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I am in a con session with author of the Dune sequels

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15 Feb 2016 21:41 #222589 by jeb

SuperflyTNT wrote: I think it's a little more "AI" than Brain-In-Mech, but you're 99% right.

I am 100% right:

The series explains that mankind had become entirely complacent and dependent upon thinking machines; recognizing this weakness, a group of ambitious, militant humans calling themselves the Titans use this widespread reliance on machine intelligence to seize control of the entire universe. The Titans soon make the transition into cyborgs called cymeks; through the use of specialized interfaces, their brains are installed inside giant, mobile, mechanized "bodies."


BRAINS IN MECHS. DUNE. BRAINS. MECHS. DUNE. DUNE.
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16 Feb 2016 02:53 #222599 by SuperFlySwatter
Haha, point taken, but I remember one of the "House" sequels had a kind of "origin" of a guild navigator storyline (twins IIRC), I quite enjoyed stuff like that, kind of like I dont mind listening to trance music thats got mozart riffs sampled in the middle of it. Its kind of an abomination but meh, guilty pleasure. This is the non FH sequels mind, the original FH sequels were hard going when I read them but I grew to appreciate them a lot more over time.

Hope we'll get a post con report about this.

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16 Feb 2016 08:36 #222603 by SuperflyPete
Jeb, the timeline of the "Expanded Universe" (lol) is such that the thinkng machines were the threat, not the Cymeks. The Butlerian Jihad wasn't only about the Cymeks and Titans, it was about the idea that machine logic and thinking machines were stifling the humanity of the Empire's people.

The end result was Omnius taking over, the Titans, Cymeks, and Neo-Cymeks coming into power (but, ultimately, they were the 'general' for the malignant AI), but the OC Bible's first commandment is "Thou shalt not make a machine in the likeness of a human mind" not "Thou shalt not put human minds into machines".

It was about A.I.

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16 Feb 2016 09:30 #222606 by Cranberries
I love that you all hate the prequels but are now arguing the finer points.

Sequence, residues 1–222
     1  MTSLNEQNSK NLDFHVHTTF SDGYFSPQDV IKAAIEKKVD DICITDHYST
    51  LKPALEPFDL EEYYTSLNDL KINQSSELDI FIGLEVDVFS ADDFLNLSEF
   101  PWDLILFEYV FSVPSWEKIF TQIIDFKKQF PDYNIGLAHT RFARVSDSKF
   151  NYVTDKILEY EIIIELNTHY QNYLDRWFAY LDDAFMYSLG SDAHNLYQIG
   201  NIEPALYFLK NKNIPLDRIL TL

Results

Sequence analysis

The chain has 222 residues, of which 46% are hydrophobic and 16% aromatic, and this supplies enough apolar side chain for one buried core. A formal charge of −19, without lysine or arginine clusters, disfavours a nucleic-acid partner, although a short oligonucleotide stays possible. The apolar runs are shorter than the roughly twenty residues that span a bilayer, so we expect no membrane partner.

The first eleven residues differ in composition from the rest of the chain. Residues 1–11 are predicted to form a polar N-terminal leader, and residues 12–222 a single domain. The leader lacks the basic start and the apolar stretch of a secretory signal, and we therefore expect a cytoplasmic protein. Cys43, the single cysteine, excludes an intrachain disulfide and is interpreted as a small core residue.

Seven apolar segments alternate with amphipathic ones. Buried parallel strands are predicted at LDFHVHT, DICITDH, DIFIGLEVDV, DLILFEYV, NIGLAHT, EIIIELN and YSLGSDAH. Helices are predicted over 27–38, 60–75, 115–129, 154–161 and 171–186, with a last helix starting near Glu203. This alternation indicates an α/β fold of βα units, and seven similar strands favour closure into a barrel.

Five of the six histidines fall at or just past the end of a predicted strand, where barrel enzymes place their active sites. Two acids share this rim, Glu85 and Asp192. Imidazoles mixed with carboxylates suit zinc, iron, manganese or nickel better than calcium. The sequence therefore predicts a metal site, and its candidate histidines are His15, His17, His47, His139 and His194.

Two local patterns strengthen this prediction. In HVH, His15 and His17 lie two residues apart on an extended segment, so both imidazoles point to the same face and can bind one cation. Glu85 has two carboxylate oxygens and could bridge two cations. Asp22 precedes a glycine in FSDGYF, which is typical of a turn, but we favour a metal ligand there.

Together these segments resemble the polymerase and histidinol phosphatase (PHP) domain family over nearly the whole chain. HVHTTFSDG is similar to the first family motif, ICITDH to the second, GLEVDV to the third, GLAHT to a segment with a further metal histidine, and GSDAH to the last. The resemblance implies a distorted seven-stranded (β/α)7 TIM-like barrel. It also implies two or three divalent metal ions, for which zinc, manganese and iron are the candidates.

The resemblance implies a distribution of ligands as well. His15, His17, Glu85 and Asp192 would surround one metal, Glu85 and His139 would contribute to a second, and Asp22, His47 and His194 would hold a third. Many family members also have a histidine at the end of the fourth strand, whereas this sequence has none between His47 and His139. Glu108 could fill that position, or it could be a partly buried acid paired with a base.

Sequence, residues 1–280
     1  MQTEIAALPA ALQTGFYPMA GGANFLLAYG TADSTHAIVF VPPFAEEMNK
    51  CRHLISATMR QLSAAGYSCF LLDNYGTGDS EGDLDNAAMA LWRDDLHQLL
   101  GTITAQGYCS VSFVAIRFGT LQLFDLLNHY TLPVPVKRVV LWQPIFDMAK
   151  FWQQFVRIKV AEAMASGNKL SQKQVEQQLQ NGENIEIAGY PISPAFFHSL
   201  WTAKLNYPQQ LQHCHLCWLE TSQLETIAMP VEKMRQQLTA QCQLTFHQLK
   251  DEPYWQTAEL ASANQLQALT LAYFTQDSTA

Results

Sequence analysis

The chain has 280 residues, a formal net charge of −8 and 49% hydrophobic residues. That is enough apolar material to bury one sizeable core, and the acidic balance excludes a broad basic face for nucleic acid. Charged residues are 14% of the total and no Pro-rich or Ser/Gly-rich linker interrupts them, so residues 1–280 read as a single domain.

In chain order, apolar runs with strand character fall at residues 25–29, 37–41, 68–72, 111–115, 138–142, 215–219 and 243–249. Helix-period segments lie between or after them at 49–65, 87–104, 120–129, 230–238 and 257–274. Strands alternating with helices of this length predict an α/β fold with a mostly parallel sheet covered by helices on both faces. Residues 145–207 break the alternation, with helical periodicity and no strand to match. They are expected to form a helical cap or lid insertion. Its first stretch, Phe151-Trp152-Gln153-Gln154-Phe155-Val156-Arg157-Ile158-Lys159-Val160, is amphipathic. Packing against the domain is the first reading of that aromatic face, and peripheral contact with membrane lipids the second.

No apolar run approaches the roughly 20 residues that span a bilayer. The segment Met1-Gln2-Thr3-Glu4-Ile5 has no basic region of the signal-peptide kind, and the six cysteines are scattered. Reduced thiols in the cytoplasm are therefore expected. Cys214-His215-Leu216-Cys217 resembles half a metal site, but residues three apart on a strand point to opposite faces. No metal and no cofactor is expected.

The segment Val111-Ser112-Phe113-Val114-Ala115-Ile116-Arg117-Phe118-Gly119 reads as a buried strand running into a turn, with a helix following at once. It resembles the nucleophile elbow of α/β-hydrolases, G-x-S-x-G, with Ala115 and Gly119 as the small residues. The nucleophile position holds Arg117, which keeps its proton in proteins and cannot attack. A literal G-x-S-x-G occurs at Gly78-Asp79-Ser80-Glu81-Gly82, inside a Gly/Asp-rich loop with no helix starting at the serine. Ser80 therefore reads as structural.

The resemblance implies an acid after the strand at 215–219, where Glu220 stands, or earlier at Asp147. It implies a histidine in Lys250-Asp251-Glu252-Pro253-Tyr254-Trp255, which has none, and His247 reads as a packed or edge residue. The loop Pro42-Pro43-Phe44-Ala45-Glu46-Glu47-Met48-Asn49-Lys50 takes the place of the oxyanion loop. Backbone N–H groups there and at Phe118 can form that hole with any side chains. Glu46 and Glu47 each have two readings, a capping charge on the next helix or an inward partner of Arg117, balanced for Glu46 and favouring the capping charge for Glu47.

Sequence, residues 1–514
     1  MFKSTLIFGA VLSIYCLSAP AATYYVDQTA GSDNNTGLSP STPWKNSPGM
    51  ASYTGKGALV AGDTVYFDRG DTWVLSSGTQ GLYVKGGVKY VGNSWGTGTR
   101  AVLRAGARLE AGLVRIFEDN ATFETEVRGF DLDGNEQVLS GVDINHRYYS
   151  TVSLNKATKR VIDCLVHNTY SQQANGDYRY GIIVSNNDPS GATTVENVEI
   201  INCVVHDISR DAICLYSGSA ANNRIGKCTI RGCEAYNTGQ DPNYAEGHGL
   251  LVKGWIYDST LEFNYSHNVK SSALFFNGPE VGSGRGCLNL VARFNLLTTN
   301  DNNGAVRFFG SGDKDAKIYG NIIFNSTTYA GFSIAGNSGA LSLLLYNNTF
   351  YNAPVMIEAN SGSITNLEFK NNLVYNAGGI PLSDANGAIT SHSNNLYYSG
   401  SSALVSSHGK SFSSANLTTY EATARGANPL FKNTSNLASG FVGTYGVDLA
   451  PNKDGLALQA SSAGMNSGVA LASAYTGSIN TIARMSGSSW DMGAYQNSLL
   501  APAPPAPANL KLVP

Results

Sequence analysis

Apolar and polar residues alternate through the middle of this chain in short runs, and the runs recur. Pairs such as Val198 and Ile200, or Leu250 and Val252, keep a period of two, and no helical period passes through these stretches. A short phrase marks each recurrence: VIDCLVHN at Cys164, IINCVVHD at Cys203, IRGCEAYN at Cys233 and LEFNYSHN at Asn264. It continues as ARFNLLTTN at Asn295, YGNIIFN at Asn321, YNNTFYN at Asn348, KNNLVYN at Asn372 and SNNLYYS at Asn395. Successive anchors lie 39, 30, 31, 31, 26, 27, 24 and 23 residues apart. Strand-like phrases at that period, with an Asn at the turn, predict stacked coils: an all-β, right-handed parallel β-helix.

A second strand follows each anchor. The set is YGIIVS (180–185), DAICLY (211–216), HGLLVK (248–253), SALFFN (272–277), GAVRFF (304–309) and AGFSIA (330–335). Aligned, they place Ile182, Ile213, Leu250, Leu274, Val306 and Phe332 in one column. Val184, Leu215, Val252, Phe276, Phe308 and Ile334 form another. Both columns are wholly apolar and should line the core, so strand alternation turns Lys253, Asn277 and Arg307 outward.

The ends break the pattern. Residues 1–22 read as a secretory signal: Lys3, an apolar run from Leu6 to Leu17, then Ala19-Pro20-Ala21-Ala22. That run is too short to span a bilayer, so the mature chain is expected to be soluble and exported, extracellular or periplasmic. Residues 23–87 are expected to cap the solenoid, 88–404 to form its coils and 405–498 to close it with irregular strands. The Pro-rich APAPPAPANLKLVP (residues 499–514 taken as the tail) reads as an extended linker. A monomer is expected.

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16 Feb 2016 09:39 - 16 Feb 2016 09:40 #222610 by Columbob
I love(d) Dune. I'd read KJA's SW stuff as a teen and I loved that shit, following hot on the heels of Timothy Zahn's Thrawn trilogy, so I was excited about some new Dune at first. I enjoyed the House prequel trilogy enough, even if I didn't like everything about them (hey, we learn why Baron Harkonnen's a fat ugly! He used to be an Adonis). Then I read the Butlerian Jihad (all three books) and that was it, I was done with those authors, without even reaching the climax that was supposed to be Dune 7 (split in 2, because that's how you make even more money). I'd already bought Road to Dune by then, and I haven't even read it over 10-12 years later. No real incentive to go back there, even if Road was mostly Frank.

They even went and wrote some filler books for between Dune and Messiah, because we all wanted to know what went on in the lives of Paul et. al. in those months between books.
Last edit: 16 Feb 2016 09:40 by Columbob.

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16 Feb 2016 12:06 #222627 by Cranberries
That's very interesting. It's like the Dune prequel books are part of an extended article about world building. Frank Herbert created this rich, imaginative world without spelling out every single detail. And then Herbert Jr. and KJA sort of fed off of that original vision and created all of that back story, a sort of fictional methadone.

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16 Feb 2016 12:07 #222628 by stoic

Columbob wrote: I love(d) Dune. I'd read KJA's SW stuff as a teen and I loved that shit, following hot on the heels of Timothy Zahn's Thrawn trilogy, so I was excited about some new Dune at first. I enjoyed the House prequel trilogy enough, even if I didn't like everything about them (hey, we learn why Baron Harkonnen's a fat ugly! He used to be an Adonis). Then I read the Butlerian Jihad (all three books) and that was it, I was done with those authors, without even reaching the climax that was supposed to be Dune 7 (split in 2, because that's how you make even more money). I'd already bought Road to Dune by then, and I haven't even read it over 10-12 years later. No real incentive to go back there, even if Road was mostly Frank.

They even went and wrote some filler books for between Dune and Messiah, because we all wanted to know what went on in the lives of Paul et. al. in those months between books.


If you have The Road to Dune, you should read it. It's Frank Hebert's original manuscript for Dune. He made some subtle changes to his original manuscript that drastically improved his story. It has nothing to do with the sequels. As a writer, I found The Road to Dune instructive because those subtle changes transformed and elevated Hebert's story.
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